Diet & Nutrition
Scientists Produce Resveratrol in Tomatoes
As a result of research done at the John Innes Centre in the UK, one tomato can provide as much Resveratrol as fifty bottles of red wine. One tomato has also produced the amount of Genistein found in 5 ½ pounds of tofu. Bot of these compounds are phenylpropanoids. Resveratrol has been reported to extend lifespan in animal studies. Genistein is the compound found in soybeans that has been suggested to play a role in prevention of steroid-hormone related cancers, particularly breast cancer. The paper was published in Nature Communications on Oct. 26th 2015.
The research was led by Dr. Yang Zhang and Dr. Eugenio Butelli working in Professor Cathie Martin’s lab Drs. Zhang and Butelli have been studying the effect of a protein called AtMYB12 which is found in Arabidopsis thaliana, a flowering plant native to Eurasia.
A release from the John Innes Centre reports that the protein AtMYB12 activates a broad set of genes involved in metabolic pathways responsible for producing natural compounds of use to the plant. The protein acts something like a tap to increase or reduce the production of natural compounds depending on how much of the protein is present.
What was interesting about the effect of introducing this protein into a tomato plant was how it acted both to increase the capacity of the plant to produce natural compounds (by activating phenylpropanoid production) and to influence the amount of energy and carbon the plant dedicated to producing these natural compounds. In response to the influence of the atmyb12 protein, tomato plants began to create more phenylpropanoids and flavanoids and to devote more of energy to doing this in fruit.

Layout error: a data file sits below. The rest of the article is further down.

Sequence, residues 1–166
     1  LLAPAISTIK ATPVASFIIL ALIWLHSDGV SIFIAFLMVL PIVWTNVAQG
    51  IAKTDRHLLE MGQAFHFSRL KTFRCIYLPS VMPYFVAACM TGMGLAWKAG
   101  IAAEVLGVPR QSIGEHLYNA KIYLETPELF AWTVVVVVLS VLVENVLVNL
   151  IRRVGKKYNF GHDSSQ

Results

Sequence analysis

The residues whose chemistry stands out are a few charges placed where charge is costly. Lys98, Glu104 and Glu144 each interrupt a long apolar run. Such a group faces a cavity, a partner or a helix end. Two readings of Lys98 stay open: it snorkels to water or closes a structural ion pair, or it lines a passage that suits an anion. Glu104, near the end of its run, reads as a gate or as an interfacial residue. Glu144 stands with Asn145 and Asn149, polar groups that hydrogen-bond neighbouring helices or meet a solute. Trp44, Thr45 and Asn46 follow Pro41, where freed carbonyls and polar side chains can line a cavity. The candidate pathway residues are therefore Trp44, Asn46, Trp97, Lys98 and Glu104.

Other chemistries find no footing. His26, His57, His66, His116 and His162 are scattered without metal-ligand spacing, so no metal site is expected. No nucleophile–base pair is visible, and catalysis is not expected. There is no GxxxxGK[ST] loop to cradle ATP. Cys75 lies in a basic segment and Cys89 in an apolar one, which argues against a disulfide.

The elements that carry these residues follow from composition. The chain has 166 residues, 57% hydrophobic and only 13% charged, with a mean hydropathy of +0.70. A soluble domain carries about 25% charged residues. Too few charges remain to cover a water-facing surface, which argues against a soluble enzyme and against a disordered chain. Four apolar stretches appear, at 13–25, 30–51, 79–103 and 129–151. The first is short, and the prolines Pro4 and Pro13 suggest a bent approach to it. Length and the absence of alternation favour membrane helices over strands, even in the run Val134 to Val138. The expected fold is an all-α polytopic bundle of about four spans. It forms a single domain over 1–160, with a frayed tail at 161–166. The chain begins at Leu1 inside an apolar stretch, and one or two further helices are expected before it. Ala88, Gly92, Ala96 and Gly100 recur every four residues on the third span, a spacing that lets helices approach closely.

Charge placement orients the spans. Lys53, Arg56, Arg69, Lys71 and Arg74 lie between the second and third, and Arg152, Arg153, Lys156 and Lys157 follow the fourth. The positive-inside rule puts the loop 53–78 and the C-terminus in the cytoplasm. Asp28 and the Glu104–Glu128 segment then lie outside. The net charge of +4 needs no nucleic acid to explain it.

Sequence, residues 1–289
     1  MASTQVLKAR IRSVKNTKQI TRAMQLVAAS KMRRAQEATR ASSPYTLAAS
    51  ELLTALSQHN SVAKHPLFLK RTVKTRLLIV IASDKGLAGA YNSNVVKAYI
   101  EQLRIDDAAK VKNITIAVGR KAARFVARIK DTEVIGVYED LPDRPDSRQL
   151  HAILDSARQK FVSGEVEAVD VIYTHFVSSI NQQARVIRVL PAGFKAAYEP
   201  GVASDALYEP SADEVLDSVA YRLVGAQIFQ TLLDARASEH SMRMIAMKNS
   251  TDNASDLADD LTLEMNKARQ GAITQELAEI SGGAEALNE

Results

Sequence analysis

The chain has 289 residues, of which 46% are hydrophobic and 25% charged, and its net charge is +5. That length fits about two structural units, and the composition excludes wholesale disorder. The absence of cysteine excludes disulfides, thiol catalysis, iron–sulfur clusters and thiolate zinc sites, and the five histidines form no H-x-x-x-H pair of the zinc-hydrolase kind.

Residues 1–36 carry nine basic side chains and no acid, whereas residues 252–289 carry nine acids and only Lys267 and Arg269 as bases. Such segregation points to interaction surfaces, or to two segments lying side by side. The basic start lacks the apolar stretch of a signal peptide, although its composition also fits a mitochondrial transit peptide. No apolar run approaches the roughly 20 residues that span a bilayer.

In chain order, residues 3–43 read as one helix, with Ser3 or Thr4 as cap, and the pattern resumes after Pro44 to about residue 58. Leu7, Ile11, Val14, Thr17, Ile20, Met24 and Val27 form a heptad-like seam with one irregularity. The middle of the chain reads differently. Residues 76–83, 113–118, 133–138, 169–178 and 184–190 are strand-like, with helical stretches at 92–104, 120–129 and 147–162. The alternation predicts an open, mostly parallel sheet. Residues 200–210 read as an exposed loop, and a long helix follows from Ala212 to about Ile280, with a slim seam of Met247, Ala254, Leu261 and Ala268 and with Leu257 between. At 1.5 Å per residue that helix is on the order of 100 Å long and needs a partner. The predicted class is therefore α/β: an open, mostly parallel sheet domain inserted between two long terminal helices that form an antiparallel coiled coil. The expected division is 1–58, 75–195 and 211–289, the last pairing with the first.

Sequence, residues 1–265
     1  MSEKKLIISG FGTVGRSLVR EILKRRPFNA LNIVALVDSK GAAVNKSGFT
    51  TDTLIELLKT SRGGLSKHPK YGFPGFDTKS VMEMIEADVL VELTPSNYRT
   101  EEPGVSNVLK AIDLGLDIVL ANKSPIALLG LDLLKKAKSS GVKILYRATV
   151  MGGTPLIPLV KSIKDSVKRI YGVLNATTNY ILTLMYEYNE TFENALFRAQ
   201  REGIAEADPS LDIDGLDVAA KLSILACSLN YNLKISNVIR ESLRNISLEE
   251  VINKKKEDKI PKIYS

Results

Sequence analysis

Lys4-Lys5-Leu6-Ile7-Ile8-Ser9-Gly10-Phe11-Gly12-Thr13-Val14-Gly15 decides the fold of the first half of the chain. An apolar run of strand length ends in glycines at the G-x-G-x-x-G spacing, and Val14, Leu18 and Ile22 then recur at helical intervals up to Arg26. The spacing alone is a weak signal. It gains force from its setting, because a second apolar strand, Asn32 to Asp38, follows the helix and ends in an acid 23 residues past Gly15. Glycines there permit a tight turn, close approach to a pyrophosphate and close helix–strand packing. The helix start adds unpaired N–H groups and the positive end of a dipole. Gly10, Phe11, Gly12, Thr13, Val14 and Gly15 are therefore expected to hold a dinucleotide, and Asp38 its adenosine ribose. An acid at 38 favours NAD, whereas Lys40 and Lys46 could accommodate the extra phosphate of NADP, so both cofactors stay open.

Introducing both AtMYB12 and genes from plants encoding enzymes specific for making Resveratrol in grapes and Genistein in legumes, resulted in tomatoes that could produce as much as 80mg of novel compound per gram of dry weight. This showed that industrial scale up is possible.
Tomatoes are a high yielding crop — producing up to 500 tons per hectare in countries delivering the highest yields (FAOSTAT 2013) and require relatively few inputs, therefore production of valuable compounds like Resveratrol or Genistein in tomatoes could be a more economical way of producing them than relying on artificial synthesis in a lab or extracting them in tiny quantities from traditional plant sources such as grapes and soybeans. The tomatoes can be harvested and juiced and the valuable compounds can be extracted from the juice. The tomatoes themselves could potentially become the source of increased nutritional or medicinal benefit.
The release quotes Professor Cathie Martin as saying, “Our study provides a general tool for producing valuable phenylpropanoid compounds on an industrial scale in plants, and potentially production of other products derived from aromatic amino acids. Our work will be of interest to different research areas including fundamental research on plants, plant/microbe engineering, medicinal plant natural products, as well as diet and health research.”
Dr. Yang Zhang said, “Medicinal plants with high value are often difficult to grow and manage, and need very long cultivation times to produce the desired compounds. Our research provides a fantastic platform to quickly produce these valuable medicinal compounds in tomatoes. Target compounds could be purified directly from tomato juice. We believe our design idea could also be applied to other compounds such as terpenoids and alkaloids, which are the major groups of medicinal compounds from plants.”